Will bankruptcy affect my ability to get a green card? 8 Answers as of February 01, 2011

My case is applied for a green card in 2007 and in 2 years and 5 months to get it, I have a job at the time, bankruptcy could affect my green card application? I am very bad financially to pay my bills and I am honest I could not. Thanks for your attention and if possible, I make an appointment to discuss my case, my church helped me, but I will not be a burden to anyone.

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Gus Johnson Attorney at Law
Gus Johnson Attorney at Law | Gus Johnson
A bankruptcy should not affect your ability to get a green card.
Answer Applies to: South Dakota
Replied: 2/1/2011
Mankus & Marchan, LTD
Mankus & Marchan, LTD | Tony Mankus
To my knowledge, bankruptcy filing is not an impediment to obtaining a green card. Check with your immigration attorney.
Answer Applies to: Illinois
Replied: 1/31/2011
Mettias & Associates
Mettias & Associates | Jimmy Philip Mettias, Esq
Thank you so much for contacting our office, Mettias & Associates. It does sound like you have a complicated situation regarding your green card and a possible bankruptcy. I think it would be best to discuss all the details of your case in our office. Please feel free to email me at or call the office to set an appointment.
Answer Applies to: California
Replied: 1/27/2011
Law Office of David P. Farrell
Law Office of David P. Farrell | David Farrell
Filing bankruptcy alone will not adversely affect your green card application. Like immigration, bankruptcy is governed by federal law. When you file bankruptcy you are declaring under penalty of perjury that the information contained in the petition is true and correct. Therefore, be sure to fully disclose all of your assets and liabilities and always tell the truth because if it is later discovered that you are not telling the truth your green card application may be denied.
Answer Applies to: California
Replied: 1/27/2011
Carballo Law Offices
Carballo Law Offices | Tony E. Carballo
Bankruptcy and immigration are not related. Filing for bankruptcy will not affect a immigration case in any way. Filing for bankruptcy is a legal right if you qualify regardless of immigration status or citizenship.

You may have to prove ability to support yourself in this country (without becoming a public charge in the future) at the time you are ready to obtain your permanent residency ("green card"). You must prove at that time that you will not be a public charge (a burden on taxpayers) by demonstrating to an immigration officer you have a job and earn enough or by filing an Affidavit of Support signed by someone with sufficient financial means who then becomes responsible for you in case you do not have enough money to support yourself in the future (up to 10 years in some cases). Immigration forms never ask if you ever filed for bankruptcy and you will not be asked in a bankruptcy case if you are in this country undocumented because that is not relevant.

If you do not have a valid social security number you will need to file your bankruptcy case with your Individual Tax Identification Number (ITIN) issued by the IRS for you to do your income tax returns. Never use a social security number to file bankruptcy that was not issued to you by the Social Security Administration.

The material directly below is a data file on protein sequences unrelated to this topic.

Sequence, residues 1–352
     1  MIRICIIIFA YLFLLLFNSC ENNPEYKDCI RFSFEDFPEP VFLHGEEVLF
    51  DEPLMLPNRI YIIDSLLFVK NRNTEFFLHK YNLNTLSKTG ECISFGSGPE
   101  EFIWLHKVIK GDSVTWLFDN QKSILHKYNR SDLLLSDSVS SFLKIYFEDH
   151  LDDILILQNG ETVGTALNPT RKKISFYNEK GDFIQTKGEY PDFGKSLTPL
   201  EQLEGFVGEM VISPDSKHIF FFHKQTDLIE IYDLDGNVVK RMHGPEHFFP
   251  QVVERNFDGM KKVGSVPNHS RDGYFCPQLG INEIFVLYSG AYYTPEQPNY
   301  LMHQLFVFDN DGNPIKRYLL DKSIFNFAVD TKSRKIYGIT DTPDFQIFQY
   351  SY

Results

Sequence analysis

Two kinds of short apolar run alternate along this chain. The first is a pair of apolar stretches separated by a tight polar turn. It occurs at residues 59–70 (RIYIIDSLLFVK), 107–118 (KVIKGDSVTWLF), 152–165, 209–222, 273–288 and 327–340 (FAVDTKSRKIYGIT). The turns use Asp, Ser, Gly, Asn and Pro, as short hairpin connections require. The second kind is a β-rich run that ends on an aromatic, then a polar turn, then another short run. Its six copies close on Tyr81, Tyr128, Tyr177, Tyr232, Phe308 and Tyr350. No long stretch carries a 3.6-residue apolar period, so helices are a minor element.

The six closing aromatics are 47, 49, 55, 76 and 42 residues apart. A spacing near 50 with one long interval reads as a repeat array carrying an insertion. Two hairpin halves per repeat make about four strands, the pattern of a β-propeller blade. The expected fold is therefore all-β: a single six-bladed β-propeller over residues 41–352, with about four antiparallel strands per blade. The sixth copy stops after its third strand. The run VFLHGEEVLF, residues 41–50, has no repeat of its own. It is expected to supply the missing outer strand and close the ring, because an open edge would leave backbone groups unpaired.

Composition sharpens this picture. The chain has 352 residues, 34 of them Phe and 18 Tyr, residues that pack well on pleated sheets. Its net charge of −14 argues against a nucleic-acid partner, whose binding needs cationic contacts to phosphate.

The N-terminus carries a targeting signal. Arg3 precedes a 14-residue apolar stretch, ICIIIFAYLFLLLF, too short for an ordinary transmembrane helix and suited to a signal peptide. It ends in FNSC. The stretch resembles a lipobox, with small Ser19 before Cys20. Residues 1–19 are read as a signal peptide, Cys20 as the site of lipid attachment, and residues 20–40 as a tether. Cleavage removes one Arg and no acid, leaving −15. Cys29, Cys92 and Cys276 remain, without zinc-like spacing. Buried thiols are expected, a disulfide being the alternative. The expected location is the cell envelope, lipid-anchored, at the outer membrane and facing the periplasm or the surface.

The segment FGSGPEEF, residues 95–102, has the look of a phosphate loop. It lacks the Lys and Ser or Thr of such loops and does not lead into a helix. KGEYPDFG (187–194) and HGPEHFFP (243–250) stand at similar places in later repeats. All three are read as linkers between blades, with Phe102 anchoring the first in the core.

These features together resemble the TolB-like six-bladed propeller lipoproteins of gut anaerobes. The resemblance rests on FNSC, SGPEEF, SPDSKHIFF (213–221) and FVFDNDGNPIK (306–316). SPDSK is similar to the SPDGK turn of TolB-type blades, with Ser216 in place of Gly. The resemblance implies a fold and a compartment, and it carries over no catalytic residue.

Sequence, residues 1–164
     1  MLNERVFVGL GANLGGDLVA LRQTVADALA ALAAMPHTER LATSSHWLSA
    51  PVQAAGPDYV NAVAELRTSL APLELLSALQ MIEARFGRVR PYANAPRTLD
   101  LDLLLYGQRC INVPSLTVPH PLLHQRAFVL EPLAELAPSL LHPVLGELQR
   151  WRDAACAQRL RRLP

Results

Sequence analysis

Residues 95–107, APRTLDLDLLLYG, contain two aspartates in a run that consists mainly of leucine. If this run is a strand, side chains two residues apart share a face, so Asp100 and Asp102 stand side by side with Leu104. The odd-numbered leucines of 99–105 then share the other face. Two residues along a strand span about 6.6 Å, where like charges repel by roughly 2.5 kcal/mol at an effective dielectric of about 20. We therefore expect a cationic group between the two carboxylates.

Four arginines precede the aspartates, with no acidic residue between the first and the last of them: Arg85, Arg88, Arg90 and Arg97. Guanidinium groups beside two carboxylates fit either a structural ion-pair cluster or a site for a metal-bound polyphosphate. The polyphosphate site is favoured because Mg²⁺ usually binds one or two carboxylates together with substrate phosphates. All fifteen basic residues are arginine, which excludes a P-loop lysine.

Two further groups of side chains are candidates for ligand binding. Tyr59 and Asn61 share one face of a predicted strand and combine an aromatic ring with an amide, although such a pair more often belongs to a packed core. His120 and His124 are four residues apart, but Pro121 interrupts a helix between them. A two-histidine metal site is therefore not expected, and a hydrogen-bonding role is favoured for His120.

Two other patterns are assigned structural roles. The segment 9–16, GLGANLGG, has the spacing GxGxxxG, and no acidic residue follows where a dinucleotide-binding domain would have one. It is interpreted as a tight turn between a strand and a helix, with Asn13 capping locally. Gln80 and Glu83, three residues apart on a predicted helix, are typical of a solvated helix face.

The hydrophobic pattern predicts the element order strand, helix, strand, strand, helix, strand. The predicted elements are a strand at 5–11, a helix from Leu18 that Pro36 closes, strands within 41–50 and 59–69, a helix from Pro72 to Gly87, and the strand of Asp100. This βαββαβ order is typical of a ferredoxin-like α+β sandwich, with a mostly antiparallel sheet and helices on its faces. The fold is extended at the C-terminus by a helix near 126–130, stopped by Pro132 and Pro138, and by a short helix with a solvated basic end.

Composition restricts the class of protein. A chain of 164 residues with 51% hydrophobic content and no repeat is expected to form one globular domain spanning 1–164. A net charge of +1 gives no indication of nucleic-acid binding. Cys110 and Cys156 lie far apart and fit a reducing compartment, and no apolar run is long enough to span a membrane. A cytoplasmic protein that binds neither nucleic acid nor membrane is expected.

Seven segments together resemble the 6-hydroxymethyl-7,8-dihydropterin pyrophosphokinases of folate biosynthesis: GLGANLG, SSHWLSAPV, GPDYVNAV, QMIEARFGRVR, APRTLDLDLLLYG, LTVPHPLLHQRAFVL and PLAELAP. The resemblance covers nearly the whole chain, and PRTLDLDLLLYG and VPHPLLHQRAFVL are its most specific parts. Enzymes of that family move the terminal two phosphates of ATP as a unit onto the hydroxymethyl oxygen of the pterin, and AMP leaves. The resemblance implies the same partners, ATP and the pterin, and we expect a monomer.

If you have a social security number that is valid you must file with that number even if it says that it cannot be used to work as many of them say above the number. The bankruptcy application does not ask you if you have used any social security number to obtain credit before. Many people have used invented numbers or numbers belonging to other people to apply for loans (an of course to work) but that does not need to be disclosed in the bankruptcy petition. You just need to disclose the names of the creditors and the account numbers so that the creditors can identify the debt and file claims in some cases if required. Again, filing for bankruptcy will not affect your immigration case now or in the future and if someone is a permanent resident that person does not have to worry about losing the right to obtain citizenship through naturalization. A previous bankruptcy does not affect someone's ability to become the U.S. citizen or a legal permanent resident if otherwise qualified.

Unfortunately many lawyers not familiar with immigration law or that do not handle cases for the immigrant community might lead you in the wrong direction by telling you that you are going to be deported if you file a bankruptcy case or that you will never become a resident or a citizen if you file a bankruptcy case. You might be deported for other reasons of course but not for filing a bankruptcy case so don't worry about it. Just be completely truthful about your finances in the bankruptcy case, get an experienced attorney with whom you can communicate well and you will have no problems getting a discharge of your debts if you are entitled to it regardless of your immigration status now. Good luck.
Answer Applies to: California
Replied: 1/27/2011
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